Located in the heart of downtown Tucson, the Center has offered job services, youth and adult education programs, cultural activities, youth and elderly programs and emergency assistance to urban Native Americans for half a century.
“For Tucson and Pima County the Tucson Indian Center has been a strong organization that has survived political issues like civil rights and has been a significant place for Natives,” said Rodney Palimo, Sr., the center’s board chairman.
Instead of having one big celebration, the Tucson Indian Center decided to have a series of events throughout the year to celebrate their success.
“This is a milestone for us,” said Jacob Bernal, executive director. “Looking at the relationships we have with local tribes, city and county, businesses, non-Indian community and the University of Arizona—We are proud of that and it speaks volumes. We have to work together and come together as people and have dialogue to make our community stronger.”
The Tucson Indian Center was founded by 16 individuals who wanted their own organization to provide services for education, housing, health, counseling and recreation for urban Native Americans in Tucson.
In 1957, the group formed a club and in 1963, the club became incorporated as the American Indian Association, doing business as the Tucson Indian Center, according to the organization's website.
The original board members were Carlos Antone, Louis Blackwater, Nellie Cachora, Augustine Chico, Andrew Duwyenie, Annie Enos, Hazel Herald, Jim Herald, Lillian Hughes, Mollie Manuel, John B. Narcho, Ray Narcho, Lucille Palimo, Anita Rowles, Ella G. Rumley and David Valenzuela.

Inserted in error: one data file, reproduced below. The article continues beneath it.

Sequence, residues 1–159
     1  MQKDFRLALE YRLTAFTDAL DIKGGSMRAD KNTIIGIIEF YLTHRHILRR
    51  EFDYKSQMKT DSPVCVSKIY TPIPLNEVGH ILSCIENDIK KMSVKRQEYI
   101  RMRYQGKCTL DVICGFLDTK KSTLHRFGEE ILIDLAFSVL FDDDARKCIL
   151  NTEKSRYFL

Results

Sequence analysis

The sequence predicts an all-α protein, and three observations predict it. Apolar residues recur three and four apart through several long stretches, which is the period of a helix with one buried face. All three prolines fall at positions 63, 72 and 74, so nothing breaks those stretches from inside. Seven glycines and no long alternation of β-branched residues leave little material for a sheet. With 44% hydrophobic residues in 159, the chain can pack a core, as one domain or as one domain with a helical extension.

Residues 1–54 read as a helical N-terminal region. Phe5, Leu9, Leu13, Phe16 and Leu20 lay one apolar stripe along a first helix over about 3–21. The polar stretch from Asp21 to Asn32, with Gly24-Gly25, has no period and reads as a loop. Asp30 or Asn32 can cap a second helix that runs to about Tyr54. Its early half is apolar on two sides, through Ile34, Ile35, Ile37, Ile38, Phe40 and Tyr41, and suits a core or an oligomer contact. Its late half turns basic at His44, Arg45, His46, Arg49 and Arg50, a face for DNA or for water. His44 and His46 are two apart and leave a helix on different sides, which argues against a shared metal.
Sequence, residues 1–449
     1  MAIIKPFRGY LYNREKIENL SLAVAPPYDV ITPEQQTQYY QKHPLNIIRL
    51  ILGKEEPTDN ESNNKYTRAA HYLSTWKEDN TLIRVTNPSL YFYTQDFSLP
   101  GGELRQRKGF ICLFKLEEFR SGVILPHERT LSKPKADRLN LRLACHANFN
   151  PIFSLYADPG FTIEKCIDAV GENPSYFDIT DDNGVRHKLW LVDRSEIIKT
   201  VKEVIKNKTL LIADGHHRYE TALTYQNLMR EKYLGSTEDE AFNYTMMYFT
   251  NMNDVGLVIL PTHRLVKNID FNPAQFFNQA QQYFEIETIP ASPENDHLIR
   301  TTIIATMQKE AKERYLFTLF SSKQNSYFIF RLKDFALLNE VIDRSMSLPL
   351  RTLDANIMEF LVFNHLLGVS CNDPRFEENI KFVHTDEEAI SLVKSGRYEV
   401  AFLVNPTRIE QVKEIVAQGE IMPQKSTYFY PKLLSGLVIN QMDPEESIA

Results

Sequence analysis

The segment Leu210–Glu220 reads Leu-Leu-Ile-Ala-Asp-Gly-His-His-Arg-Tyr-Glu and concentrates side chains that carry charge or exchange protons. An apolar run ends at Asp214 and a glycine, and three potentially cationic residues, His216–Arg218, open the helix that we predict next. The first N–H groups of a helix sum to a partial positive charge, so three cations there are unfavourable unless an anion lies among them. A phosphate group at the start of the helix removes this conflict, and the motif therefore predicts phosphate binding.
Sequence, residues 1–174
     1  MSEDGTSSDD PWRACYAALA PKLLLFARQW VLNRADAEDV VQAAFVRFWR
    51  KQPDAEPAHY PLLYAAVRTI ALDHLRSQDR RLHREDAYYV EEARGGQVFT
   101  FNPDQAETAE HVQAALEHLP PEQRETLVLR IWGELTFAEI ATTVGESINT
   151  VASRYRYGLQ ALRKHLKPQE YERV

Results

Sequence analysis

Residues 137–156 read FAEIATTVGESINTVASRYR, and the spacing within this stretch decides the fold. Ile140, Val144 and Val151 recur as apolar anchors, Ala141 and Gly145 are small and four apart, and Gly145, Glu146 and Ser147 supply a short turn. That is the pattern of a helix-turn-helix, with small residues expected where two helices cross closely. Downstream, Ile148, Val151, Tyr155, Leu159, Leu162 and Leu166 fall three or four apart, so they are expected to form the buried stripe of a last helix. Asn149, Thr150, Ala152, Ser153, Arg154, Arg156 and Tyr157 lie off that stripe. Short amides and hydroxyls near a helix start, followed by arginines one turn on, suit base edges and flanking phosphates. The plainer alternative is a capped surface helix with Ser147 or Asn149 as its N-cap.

“There are four Tucson Indian Center board members today and three with ties back to the original founding members,” said Palimo (Tohono O’odham), whose grandmother is Lucille Palimo.
Palimo and Bernal both believe one of the reasons the Center has been able to survive is due to the strength of the board, staff and community.
“The Indian elders had this incredible vision fighting for civil rights before we had a name for it, recognizing Indians can work with Indians and non-Indians,” said Bernal (Chemehuevi). “I think they were so ahead of their time they basically were filled with historical stress and trauma but that didn’t stop them from reaching out to work together.”
Bernal said the longevity of the board and staff has also been a key to the success of the center. Tucson Indian Center currently has 20 staff members, one of which is celebrating 37 years of service at the center this year. Bernal has been with the center for 23 years and one of Palimo’s first jobs was working for the Tucson Indian Center in 1976 as a job developer.
“When people walk in the door they have a sense of community and family,” Palimo said. “There’s community involvement and appreciation of the success the center has achieved.”
Bernal and Palimo both admit the Tucson Indian Center has endeared some hard times over the years but they were able to bounce back.
“No doubt we have gone through times where staff had to be laid off but we’ve found other resources,” Bernal said. “At certain times it was the board’s responsibility to fill those gaps and we’ve been fortunate recently that we haven’t been in those situations we are more solid financially now.”
Between celebrations, Tucson Indian Center has begun turning the page to look at the next 50 years. Bernal said the board is looking at a permanent land base, a museum, gift shop, performance area, a kitchen to feed people in other words a physical presence where people can say, “That is the Tucson Indian Center.”
“I think my grandmother would be very proud of how successful the organization has become not just locally but how strong and well known the organization has become across the nation,” Palimo said. “As well as the relationships with other organization, I feel she would be proud of the center as a whole.”